Sunday, 16 May 2010

News Release: Multiple Land Use Charges: DPA Begs Fashola To Intervene In Widow’s Tenement Woes

                               [Fashola: Lagos State Governor]

Democratic Peoples’ Alliance (DPA) has urged Governor Babatunde Fashola to wade into the case of an old widow recently handed an over 5,500 percent increase in her tenement bill, and cited the case as proof that the Lagos State Government had failed to streamline tenement rates and land use charges with local governments.

DPA said residents of Akerele Street in Surulere Local Government Area complained that they received two bills for tenement payments last year, one from the council another from the state.

The party said the cases vindicated its past campaigns that authorities were subjecting home owners to draconian and multiple charges even after the Lagos State House of Assembly indicated plans to review the Land Use Charge Law 2001.

According to DPA, Ikate-Ijesha Local Council Development Area wants the widow pensioner (Mrs. Mabel Ogunmoyela) to repeat tenement rate payments on her property that she had already paid in previous years to the state government.

“Clearly the council has discountenanced her past payments,” DPA said in a statement by its Director of Publicity, Felix Oboagwina. “The Governor must intervene urgently and save this old woman from this wanton display of injustice and executive lawlessness. There is real apprehension that she could have her house possessed by authorities.”

The party said problem started when the state usurped the constitutional role of local governments, contrary to the Fourth Schedule of the Constitution titled “Functions of a Local Government Council,” which stipulated in subsection (j) that: “The main functions of a local government council are as follows… assessment of privately owned houses or tenements for the purpose of levying such rates as may be prescribed by the House of Assembly of a State.”

“But what we see now is a case where the state government elected to take over the function of the local governments,” DPA said.

The Fashola government began implementing the Land Use Charge Law 2001 in 2008 but backdated it to 2006, provoking widespread protests, especially over its perceived violation of the Constitution.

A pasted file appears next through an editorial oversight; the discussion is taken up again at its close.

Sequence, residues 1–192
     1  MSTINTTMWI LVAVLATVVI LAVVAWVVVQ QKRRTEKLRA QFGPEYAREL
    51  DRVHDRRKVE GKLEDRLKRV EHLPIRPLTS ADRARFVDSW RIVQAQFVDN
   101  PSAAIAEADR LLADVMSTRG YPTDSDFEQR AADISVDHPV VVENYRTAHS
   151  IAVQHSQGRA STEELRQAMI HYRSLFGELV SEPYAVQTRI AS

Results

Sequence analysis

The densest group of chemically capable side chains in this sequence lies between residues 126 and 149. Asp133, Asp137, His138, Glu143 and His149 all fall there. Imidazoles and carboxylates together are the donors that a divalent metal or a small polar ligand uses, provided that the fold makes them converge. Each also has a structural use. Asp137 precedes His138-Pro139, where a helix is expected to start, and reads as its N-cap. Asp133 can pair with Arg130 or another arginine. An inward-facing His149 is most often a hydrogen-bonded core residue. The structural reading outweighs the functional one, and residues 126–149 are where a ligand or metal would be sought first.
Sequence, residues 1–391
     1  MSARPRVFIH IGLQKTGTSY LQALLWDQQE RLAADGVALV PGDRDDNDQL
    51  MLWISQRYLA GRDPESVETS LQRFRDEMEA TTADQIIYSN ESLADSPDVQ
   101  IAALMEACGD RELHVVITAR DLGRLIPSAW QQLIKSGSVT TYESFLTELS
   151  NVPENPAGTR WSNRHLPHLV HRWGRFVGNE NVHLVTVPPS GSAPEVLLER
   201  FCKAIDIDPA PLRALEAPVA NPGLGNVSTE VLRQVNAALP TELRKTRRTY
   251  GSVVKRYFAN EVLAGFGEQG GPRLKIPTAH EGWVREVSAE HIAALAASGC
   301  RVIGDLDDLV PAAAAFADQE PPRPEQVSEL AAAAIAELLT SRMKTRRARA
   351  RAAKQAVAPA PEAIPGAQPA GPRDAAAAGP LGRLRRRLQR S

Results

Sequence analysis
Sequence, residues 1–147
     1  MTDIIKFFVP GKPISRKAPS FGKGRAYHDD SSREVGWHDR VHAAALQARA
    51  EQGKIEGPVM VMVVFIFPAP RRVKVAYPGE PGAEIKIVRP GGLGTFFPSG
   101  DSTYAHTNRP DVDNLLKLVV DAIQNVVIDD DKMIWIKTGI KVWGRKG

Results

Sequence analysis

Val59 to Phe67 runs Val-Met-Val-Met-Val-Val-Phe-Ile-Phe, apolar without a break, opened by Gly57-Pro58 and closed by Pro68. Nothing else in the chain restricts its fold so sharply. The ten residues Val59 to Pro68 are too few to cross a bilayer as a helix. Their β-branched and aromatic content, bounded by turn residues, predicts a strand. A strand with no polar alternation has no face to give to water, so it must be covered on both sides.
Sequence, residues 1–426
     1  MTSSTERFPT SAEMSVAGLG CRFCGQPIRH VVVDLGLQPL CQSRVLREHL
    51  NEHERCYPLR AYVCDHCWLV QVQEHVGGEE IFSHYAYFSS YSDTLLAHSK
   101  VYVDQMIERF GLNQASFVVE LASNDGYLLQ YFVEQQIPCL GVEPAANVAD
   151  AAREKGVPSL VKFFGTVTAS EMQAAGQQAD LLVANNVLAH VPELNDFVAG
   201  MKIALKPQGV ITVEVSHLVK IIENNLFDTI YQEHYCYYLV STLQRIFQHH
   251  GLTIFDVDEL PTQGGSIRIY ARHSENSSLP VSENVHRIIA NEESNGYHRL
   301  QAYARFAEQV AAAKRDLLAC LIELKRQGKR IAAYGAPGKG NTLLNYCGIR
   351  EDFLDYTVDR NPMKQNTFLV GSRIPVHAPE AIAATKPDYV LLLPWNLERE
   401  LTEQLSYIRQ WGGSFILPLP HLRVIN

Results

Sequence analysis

According to the party’s statement, instances abounded where landlords had in the same year received both the Land Use Charge posted by the state government and tenement rates charged by the local governments. Home owners can lose such property to a government receivership should they fail to pay up within a stipulated period.

“Questions to ask naturally are: Where are previous payments made under the state’s Land Use Charge? Did the state government fail to remit them to the local governments and why? Have local governments been shortchanged?” the party said.

DPA highlighted the case of the widow pensioner (Mrs. Ogunmoyela) whose property, a three-room boys-quarters erected on a single plot at Olurolu Street, Ijeshatedo, Surulere, had its 2010 tenement bill jacked up to N120,614 by the Ikate-Ijesha Local Council Development Area, an over 5,500 percent increase from the N2,121.75 paid in 2009.

Records show that the widow had paid N108 as tenement in 1991, N190.70 in 1997, N450 in 1999, N450 in 2000 and N2,121.75 in 2009.

“This 80-year old widow is a retired nurse and only managed to erect the three-bedroom boys-quarters apartment to keep land speculators from encroaching. Now there are strong fears she will lose her land unless she repeats payments she has faithfully made to Lagos State in previous years,” DPA said.

Government documentation dated July 16, 2009 valued the property at N5,658,000 and computed the land use rate at 0.0375 percent or N2,121.75 being “solely occupied by the owner.” She paid the amount into the Ijesha branch of Bank PHB, one of the state’s designated collectors on 28th August 2009.

However, despite a Land Use Charge Notice from the Lagos State Government for 2009 indicating that the widow had no carryover payments from previous years, a Demand Notice dated 22/4/2010 from the Itire-Ikate Local Council Development Area office at 13/17 Baruwa Street Ijeshatedo imposed a N19,000 rate on the property for 2010 and went ahead to calculate outstanding arrears of N92,013. It also demanded she pay N9,201 i.e. 10 percent interest on the arrears in addition to a Radio and Television Licence Fee of N400, bringing the total to N120,614.

The net tenement charge of N19,000 that the Itire-Ikate LCDA computed for Mrs. Ogunmoyela for 2010 signified an 895.5 percent increase in last year’s rate of N2,121.75 only.

According to the party, the tenement charges were unreasonable, overly exploitative and had failed to consider the social security that real estate traditionally meant to Nigerians.

DPA recalled the case of two widows of the late Alhaji Eyiowuawi Asafa, who inherited his one-story, face-me-I-face-you house in Surulere. In 2007, the Itire/Ikate Local Government charged the family N2,700 as tenement rent, while in 2008 the state government fined the same house land use charge of N113,669.33.

Lagosians must muster the political will to challenge the state government’s usurpation of a constitutionally-allotted function of local governments, DPA counseled.

Felix Oboagwina
Director Of Publicity
Lagos State DPA